Bishop Donald rallied the support of church leaders in Dhaka, Bangladesh yesterday (Thursday 23rd January) to join the mission to end leprosy.
Leprosy is thought to be the world’s oldest disease, and it is estimated that around 10 million people live with leprosy-related disabilities, including blindness.
Leprosy has been entirely curable since 1982, but misunderstandings and prejudice surrounding the disease remains. It thrives in areas like those visited by Bishop Donald in Dhaka, where overcrowding, poor sanitation and malnutrition have led to weakened immune systems.
Bishop Donald’s visit follows the President of Bangladesh Sheikh Hasina’s announcement last month that Bangladesh is aiming to defeat this ancient disease by 2030.
Recognising the importance of mobilising faith communities to help achieve this “ambitious” target, Bishop Donald stoked the passion of interdenominational church leaders in Bangladesh. “Christians must step out of the comfort of their churches into the community, and work with the most marginalised,” he said.
“There are some things Jesus did that we are simply not able to do. However, reaching out to people affected by leprosy is something we can do – something that the Church should do. We want to finish what Jesus started by curing leprosy and ending needless suffering.”
Bishop Donald became Vice-President of The Leprosy Mission England and Wales, which is based in Peterborough, in 2017. A big influence in his passion for ending leprosy came after he met Dr Paul Saunderson at Cambridge University, who now heads up research for American Leprosy Missions.
The latest statistics from the World Health Organisation reveal that there were 3,729 new cases of leprosy diagnosed and treated in Bangladesh in 2018. But anti-leprosy organisations believe this is just a fraction of the number of people currently living with untreated leprosy in the country.
Peter Waddup, National Director of The Leprosy Mission England and Wales, is travelling with Bishop Donald, and took him to a skin camp in the courtyard of a Dhaka church run by The Leprosy Mission. The clinic, which is staffed by doctors, is called a generic ‘skin camp’ in order to encourage people to attend who may fear they have leprosy, but are too afraid to seek treatment.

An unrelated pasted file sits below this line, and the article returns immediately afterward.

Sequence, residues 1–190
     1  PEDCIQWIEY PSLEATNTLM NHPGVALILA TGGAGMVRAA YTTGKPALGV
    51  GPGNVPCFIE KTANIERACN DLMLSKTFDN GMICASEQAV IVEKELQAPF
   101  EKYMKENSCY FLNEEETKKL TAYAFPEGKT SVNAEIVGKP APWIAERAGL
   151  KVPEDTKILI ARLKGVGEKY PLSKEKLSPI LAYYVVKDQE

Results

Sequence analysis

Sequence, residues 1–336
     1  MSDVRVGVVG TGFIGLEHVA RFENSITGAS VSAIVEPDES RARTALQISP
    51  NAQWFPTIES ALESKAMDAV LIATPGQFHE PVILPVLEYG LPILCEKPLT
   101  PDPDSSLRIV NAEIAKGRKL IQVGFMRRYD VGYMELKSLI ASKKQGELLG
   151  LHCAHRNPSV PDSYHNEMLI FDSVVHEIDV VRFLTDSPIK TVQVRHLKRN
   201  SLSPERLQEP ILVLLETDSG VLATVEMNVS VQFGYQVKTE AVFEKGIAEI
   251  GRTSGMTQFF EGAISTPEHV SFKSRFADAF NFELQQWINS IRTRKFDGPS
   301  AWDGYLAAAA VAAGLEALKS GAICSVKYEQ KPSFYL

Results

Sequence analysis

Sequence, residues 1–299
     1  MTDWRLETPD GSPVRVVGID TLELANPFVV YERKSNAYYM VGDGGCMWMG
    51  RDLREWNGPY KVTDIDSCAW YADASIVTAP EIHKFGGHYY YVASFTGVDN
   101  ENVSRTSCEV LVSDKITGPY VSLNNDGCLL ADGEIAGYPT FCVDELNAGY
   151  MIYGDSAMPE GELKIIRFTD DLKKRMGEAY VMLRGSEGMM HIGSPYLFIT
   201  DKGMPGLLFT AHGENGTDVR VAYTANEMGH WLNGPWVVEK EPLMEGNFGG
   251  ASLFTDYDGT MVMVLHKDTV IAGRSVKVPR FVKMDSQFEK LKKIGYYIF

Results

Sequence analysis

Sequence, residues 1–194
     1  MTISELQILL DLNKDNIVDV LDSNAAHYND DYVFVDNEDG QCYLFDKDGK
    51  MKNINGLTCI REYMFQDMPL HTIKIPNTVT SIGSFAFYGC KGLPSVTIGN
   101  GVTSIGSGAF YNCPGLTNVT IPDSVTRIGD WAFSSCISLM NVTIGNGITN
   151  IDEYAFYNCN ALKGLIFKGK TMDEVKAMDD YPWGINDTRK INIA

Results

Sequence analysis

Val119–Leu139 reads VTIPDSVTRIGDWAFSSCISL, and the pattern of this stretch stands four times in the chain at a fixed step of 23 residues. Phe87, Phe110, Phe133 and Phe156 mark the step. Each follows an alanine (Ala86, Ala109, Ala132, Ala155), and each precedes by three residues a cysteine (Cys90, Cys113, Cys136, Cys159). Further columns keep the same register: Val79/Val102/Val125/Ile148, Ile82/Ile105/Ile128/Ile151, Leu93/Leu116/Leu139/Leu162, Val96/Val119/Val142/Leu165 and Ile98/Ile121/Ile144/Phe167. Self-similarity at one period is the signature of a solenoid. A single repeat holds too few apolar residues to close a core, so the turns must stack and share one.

Peter said: “It was heartwarming to see hundreds of people stream into the church courtyard. When a person is diagnosed with leprosy, our programme reaches out to the community from which they belong, and raises awareness about the disease.
“As well as extended house to house screening programmes in 40 of the neighbouring households, we run skin camps where people from the wider community can come to be treated for skin conditions. These camps provide a great opportunity to identify and treat new cases of leprosy that might otherwise have been missed.
“We need churches to join the mission – churches from Bangladesh to work with communities of all faiths on the ground to raise awareness about leprosy, and to signpost people to treatment where needed.”
Bishop Donald reflected: “Life in these poverty-stricken communities in the Bangladeshi capital is extremely hard, without having to bear the emotional and physical impact of leprosy. It has been a privilege to witness compassion and healing – to see doctors reaching out just as Jesus did.
“Nothing will erase what I have experienced today. I’m encouraged that church leaders have been extremely receptive to taking on board the mission to end leprosy in Bangladesh.
“Working at the grassroots is the only way to tackle the stigma that prevents people coming forward for treatment. I pray that the Church at home and in leprosy-endemic countries will take action and unite to end this ancient disease.”